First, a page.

What is it about?

This study examines the subjective well-being of self-employed persons relative to wage employees in Ghana, a Sub-Saharan African country. Using datasets from the 2005 to 2014 World Values Survey (WVS), our results show that being self-employed in Ghana is associated with a lower probability of being satisfied with life than being wage-employed.

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Why is it important?

Our findings suggest that the perceived low level of life satisfaction among the self-employed in Ghana could explain the rationale behind the desire of some Ghanaians to seek wage employment rather than pursuing self-employment. Our results also could partly explain the non-survival of some entrepreneurial firms in Ghana over time.


Several developing countries, including Ghana, are confronted with unemployment challenges. Some graduates in Ghana have even formed an unemployed graduates association. Pursuing this study has opened my eyes to partially understand why some people in Ghana are reluctant to start their own businesses.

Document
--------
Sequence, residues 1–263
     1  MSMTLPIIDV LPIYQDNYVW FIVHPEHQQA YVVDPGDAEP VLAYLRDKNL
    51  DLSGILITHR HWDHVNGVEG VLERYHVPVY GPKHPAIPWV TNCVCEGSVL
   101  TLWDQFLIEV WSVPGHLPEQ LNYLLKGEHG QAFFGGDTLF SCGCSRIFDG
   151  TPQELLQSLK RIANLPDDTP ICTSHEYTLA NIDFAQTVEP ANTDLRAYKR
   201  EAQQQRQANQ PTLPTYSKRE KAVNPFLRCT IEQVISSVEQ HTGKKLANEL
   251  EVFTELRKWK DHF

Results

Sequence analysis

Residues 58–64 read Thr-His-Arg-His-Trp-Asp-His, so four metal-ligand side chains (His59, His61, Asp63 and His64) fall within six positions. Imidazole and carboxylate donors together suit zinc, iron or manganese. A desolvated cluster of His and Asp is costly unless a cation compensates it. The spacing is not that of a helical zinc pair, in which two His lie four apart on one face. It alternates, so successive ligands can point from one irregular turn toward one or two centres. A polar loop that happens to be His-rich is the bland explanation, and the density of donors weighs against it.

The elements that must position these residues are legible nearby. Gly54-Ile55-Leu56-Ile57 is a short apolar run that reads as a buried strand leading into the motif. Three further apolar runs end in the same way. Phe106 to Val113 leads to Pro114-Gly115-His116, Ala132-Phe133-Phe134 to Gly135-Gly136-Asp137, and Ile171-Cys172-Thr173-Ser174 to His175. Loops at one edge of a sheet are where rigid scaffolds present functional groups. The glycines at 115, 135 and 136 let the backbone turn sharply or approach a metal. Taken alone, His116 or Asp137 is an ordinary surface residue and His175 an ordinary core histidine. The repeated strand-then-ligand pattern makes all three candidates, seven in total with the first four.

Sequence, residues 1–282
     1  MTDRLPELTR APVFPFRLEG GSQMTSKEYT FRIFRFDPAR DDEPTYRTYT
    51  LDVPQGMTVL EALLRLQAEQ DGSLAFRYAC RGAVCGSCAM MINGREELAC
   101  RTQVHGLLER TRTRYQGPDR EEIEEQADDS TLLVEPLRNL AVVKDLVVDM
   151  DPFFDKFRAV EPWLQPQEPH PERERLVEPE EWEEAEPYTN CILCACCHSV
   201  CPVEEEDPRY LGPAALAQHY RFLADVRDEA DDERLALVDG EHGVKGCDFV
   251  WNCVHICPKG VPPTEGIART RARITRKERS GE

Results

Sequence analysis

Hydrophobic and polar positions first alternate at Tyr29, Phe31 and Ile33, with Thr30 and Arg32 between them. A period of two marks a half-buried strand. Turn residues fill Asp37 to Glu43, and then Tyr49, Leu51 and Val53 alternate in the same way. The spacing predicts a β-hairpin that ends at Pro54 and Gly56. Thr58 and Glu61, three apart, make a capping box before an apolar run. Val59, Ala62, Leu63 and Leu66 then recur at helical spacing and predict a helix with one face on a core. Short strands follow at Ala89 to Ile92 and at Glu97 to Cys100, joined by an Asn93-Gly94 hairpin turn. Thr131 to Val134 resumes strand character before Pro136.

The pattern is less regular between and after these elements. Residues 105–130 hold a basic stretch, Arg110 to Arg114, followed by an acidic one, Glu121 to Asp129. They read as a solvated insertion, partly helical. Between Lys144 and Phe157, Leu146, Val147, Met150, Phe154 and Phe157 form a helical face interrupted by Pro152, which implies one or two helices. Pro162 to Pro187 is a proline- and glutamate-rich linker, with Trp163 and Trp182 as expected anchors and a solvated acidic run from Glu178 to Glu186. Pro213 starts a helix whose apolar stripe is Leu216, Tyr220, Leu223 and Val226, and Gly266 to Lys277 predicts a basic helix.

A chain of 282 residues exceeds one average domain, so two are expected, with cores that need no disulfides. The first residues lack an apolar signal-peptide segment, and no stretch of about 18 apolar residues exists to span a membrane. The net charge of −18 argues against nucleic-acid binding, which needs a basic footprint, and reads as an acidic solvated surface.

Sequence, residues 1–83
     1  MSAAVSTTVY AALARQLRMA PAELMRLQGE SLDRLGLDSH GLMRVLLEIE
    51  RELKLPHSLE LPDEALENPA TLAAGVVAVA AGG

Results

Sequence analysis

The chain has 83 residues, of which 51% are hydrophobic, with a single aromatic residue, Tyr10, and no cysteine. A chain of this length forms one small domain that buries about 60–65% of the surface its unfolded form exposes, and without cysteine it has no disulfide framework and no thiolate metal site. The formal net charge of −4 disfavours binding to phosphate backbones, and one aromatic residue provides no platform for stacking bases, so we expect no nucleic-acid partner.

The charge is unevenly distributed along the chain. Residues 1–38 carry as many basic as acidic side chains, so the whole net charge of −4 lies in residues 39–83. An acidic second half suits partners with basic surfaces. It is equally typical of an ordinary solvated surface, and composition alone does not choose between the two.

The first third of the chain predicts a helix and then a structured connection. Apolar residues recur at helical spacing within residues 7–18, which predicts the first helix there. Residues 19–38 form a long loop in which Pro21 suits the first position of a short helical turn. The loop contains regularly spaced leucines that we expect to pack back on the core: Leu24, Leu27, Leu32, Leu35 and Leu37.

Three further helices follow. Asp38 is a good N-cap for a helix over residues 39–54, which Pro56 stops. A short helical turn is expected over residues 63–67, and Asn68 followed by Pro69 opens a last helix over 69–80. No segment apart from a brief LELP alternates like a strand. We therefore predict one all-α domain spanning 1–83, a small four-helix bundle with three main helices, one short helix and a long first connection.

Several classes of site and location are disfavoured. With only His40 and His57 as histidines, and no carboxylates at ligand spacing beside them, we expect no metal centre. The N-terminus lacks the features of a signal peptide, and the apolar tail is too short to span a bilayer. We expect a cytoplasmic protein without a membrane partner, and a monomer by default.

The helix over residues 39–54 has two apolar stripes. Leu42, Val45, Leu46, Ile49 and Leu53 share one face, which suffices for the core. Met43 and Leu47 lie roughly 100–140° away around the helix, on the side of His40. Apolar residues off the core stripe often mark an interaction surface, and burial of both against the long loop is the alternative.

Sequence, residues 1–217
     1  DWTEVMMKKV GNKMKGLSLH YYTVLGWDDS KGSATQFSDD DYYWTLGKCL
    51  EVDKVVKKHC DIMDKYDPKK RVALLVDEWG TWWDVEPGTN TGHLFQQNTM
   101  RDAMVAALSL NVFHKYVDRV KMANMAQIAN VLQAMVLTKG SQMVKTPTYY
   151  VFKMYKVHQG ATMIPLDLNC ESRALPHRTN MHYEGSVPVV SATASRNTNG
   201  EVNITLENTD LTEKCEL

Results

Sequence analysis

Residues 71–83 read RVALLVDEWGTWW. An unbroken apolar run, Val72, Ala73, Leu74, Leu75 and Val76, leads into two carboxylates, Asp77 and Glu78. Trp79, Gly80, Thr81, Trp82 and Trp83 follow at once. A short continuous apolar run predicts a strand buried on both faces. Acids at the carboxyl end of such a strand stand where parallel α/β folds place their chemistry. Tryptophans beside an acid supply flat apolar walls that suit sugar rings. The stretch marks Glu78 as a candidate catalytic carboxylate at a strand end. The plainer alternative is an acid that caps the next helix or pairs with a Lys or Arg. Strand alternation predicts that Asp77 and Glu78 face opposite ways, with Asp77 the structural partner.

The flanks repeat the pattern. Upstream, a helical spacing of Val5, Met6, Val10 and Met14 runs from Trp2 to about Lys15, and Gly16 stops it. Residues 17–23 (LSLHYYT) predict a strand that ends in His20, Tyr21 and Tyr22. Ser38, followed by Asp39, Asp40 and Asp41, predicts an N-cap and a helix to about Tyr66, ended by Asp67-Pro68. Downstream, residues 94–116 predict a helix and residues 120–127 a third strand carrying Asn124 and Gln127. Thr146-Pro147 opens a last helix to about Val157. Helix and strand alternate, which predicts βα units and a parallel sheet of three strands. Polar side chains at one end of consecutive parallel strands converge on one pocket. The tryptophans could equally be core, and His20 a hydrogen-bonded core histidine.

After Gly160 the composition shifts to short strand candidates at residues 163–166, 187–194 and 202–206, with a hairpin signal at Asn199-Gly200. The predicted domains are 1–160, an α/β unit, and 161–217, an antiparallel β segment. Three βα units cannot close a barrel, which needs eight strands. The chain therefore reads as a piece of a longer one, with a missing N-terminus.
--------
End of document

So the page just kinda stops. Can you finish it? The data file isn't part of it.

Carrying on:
Dr. Thomas Korankye
University of Arizona

Read the Original

This page is a summary of: The subjective well-being of self-employed persons: a national survey evidence from Ghana, Journal of Economic and Administrative Sciences, April 2022, Emerald, DOI: 10.1108/jeas-12-2021-0248.
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